Top 10 Foods That Fight Inflammation

by John Staughton (BASc, BFA) last updated -

Eating anti-inflammatory foods should be a part of any healthy diet, but if you are more prone to chronic inflammation, knowing the best foods for such conditions is important!

What is Inflammation?

Inflammation is the body’s way of signaling that it is defending itself, whether against physical injury or infection. When you bang your knee, cytokines are released, which signal the immune system that the body requires assistance/protection. The blood vessels dilate and white blood cells rush to the site of impact, usually accompanied by swelling and redness. This is acute inflammation and can be a good thing, but chronic inflammation is much more dangerous. This can wear down your body, and also lower your defense to chronic diseases, such as cancer and arthritis, among many others. [1] [2]

List of Anti-Inflammatory Foods

The top anti-inflammatory foods include blueberries, salmon, grapes, green tea, coconut oil, ginger, and turmeric, among many others.

A compilation of fruits and vegetables on a counter

A table full of fresh fruits and vegetables. Photo Credit: Shutterstock

Green Leafy Vegetables

Packed with minerals, low in calories, and high in antioxidants, green leafy vegetables like kale, spinach, and collard greens can all help with symptoms of chronic inflammation. [3]


Beets are packed with many unique nutrients and antioxidants, but it is the betaine found in these vegetables that get the most attention for their anti-inflammatory effects, which is why eating beets are associated with a lower risk of diabetes. [4]


The active ingredient in turmeric, curcumin, is considered one of the most powerful antioxidants we can consume, and as such, is also excellent at reducing inflammation throughout the body. [5]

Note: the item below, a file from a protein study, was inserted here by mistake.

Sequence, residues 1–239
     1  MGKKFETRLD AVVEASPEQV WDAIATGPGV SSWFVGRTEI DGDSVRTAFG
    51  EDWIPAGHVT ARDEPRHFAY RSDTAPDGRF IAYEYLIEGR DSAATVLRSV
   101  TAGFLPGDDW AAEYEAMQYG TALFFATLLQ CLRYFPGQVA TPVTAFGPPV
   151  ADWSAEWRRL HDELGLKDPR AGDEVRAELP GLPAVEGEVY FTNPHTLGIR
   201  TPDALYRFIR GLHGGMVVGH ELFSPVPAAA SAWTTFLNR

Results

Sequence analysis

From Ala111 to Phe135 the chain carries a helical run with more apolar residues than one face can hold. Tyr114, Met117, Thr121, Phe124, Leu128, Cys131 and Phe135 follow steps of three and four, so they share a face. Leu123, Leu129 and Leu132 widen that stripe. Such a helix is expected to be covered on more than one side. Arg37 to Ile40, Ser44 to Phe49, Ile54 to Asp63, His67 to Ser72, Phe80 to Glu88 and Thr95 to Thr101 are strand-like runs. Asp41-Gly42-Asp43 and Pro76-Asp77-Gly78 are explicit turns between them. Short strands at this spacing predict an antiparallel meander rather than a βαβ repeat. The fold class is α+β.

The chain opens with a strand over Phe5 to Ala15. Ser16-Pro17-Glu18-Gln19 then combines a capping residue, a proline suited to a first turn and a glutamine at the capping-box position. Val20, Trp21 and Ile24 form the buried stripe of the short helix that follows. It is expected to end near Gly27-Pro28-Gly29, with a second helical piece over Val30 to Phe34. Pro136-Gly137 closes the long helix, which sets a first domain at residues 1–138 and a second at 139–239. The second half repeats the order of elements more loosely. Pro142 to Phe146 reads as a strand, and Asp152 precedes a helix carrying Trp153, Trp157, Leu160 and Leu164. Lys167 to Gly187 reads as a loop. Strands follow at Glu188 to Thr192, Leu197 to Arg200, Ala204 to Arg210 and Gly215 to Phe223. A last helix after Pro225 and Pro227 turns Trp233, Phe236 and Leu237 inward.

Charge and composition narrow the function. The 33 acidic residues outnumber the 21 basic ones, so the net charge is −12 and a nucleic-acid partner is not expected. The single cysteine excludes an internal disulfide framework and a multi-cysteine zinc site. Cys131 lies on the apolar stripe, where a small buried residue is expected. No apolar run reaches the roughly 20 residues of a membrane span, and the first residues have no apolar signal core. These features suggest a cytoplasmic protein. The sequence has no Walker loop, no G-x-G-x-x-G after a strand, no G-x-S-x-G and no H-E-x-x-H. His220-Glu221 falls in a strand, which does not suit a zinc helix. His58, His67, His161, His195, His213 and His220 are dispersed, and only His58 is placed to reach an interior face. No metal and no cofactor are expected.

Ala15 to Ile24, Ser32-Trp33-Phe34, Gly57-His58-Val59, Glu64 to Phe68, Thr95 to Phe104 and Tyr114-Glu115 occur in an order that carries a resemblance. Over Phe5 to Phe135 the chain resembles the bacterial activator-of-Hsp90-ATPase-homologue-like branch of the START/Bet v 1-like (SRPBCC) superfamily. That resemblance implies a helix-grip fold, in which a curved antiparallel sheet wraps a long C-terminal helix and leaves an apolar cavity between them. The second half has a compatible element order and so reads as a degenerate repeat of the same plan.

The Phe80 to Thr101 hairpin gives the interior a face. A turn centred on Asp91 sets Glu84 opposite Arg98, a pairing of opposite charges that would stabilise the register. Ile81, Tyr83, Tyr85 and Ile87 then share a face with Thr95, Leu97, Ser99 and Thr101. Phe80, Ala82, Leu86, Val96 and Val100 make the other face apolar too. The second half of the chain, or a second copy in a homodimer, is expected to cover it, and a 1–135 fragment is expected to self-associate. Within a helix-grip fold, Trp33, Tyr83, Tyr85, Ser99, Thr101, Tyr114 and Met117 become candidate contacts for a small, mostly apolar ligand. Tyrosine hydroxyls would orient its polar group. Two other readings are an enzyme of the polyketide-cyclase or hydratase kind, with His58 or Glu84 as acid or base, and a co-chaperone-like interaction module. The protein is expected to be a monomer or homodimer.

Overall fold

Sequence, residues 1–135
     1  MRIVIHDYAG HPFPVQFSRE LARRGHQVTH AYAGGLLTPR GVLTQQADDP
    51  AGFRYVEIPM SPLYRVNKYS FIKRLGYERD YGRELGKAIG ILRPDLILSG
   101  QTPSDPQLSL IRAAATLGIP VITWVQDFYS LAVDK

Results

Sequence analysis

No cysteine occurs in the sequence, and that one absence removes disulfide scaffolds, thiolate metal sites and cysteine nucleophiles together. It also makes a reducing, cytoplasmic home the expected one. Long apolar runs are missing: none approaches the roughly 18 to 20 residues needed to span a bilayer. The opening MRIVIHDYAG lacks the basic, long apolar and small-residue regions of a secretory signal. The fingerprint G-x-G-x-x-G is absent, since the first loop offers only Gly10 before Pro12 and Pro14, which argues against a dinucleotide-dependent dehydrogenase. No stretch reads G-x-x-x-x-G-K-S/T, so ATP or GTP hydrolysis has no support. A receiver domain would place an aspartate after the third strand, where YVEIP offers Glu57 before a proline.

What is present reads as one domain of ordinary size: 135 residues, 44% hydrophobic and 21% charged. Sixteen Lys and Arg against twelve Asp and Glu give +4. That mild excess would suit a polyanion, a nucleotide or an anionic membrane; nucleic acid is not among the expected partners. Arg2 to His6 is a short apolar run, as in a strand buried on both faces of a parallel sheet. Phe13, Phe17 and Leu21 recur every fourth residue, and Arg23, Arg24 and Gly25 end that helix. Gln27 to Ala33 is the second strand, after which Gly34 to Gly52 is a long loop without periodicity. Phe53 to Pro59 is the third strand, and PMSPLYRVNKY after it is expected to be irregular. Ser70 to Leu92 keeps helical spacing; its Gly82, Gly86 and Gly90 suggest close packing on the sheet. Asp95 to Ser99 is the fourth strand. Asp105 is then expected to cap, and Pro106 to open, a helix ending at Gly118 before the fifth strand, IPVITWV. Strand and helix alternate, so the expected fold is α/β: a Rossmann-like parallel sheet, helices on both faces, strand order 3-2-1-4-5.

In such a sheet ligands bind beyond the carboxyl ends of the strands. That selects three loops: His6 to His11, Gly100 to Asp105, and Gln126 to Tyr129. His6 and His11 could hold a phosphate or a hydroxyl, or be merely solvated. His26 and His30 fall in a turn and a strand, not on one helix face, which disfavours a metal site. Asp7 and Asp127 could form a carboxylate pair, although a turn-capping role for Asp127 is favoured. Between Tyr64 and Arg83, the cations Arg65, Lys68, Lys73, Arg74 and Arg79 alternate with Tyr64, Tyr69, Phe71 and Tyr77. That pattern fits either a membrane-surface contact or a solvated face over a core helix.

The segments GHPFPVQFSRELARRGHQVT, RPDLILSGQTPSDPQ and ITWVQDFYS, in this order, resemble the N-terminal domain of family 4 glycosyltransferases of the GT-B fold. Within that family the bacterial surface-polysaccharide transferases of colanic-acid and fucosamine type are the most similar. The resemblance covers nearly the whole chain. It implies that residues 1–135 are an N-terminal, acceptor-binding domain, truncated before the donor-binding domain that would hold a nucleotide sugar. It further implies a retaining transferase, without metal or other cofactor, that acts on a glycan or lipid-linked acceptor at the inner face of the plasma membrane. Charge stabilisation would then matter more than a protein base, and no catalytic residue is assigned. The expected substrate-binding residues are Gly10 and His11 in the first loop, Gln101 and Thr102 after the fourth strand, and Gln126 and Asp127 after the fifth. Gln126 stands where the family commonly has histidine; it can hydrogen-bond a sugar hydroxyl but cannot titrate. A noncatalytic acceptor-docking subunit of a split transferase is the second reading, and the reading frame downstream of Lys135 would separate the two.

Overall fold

Some of the active ingredients in ginger, called gingerols, are famous for their strong anti-inflammatory effects, particularly in the stomach and lining of the gut, which is where so much chronic inflammation occurs.

Coconut Oil

Although coconut oil is high in fats, the high concentration of medium-chain fatty acids, particularly lauric acid, means that this oil can actually help reduce inflammation and lower your risk of heart disease. [6]

Green Tea

With such a high level of polyphenolic compounds, green tea is known to reduce inflammation in the stomach, respiratory system and cardiovascular system, in addition to its many other healthy, relaxing effects. [7]


Omega-3 fatty acids are anti-inflammatory in nature, and walnuts are one of the best sources for these “good” fats.


Seeds and nuts are often high in fats, and flaxseeds are no exception, but the fatty acids found in these seeds can reduce inflammation in the cardiovascular system. [8]


Eating tomatoes boost your lycopene levels, which can reduce the deposition of beta-amyloid plaque in the brain, a serious form of inflammation that can increase your risk of Alzheimer’s disease. [9]


The resveratrol found in grape skins has been proven to reduce the inflammatory response by the body. [10]


The anti-inflammatory flavonoids found in such high concentrations in blueberries make them a favorite remedy for chronic inflammation. Additionally, blueberries are a superfood that can boost the immune system and potentially prevent cancer, among many others. [11] [12]

Inflammatory Foods to Avoid

While some foods can help reduce inflammation in the body, others can make the situation worse, such as

  • Highly processed foods
  • Vegetable oils
  • Dairy products
  • Artificial additives and artificial sugars
  • Excess gluten
  • Alcohol
  • Trans fats

Basically, if you shift to a healthier diet, you can easily eliminate many of these inflammatory trigger foods from your weekly intake. Protection Status
About the Author

John Staughton is a traveling writer, editor, publisher and photographer with English and Integrative Biology degrees from the University of Illinois in Champaign-Urbana (USA). He co-founded the literary journal, Sheriff Nottingham, and now serves as the Content Director for Stain’d Arts, a non-profit based in Denver, Colorado. On a perpetual journey towards the idea of home, he uses words to educate, inspire, uplift and evolve.

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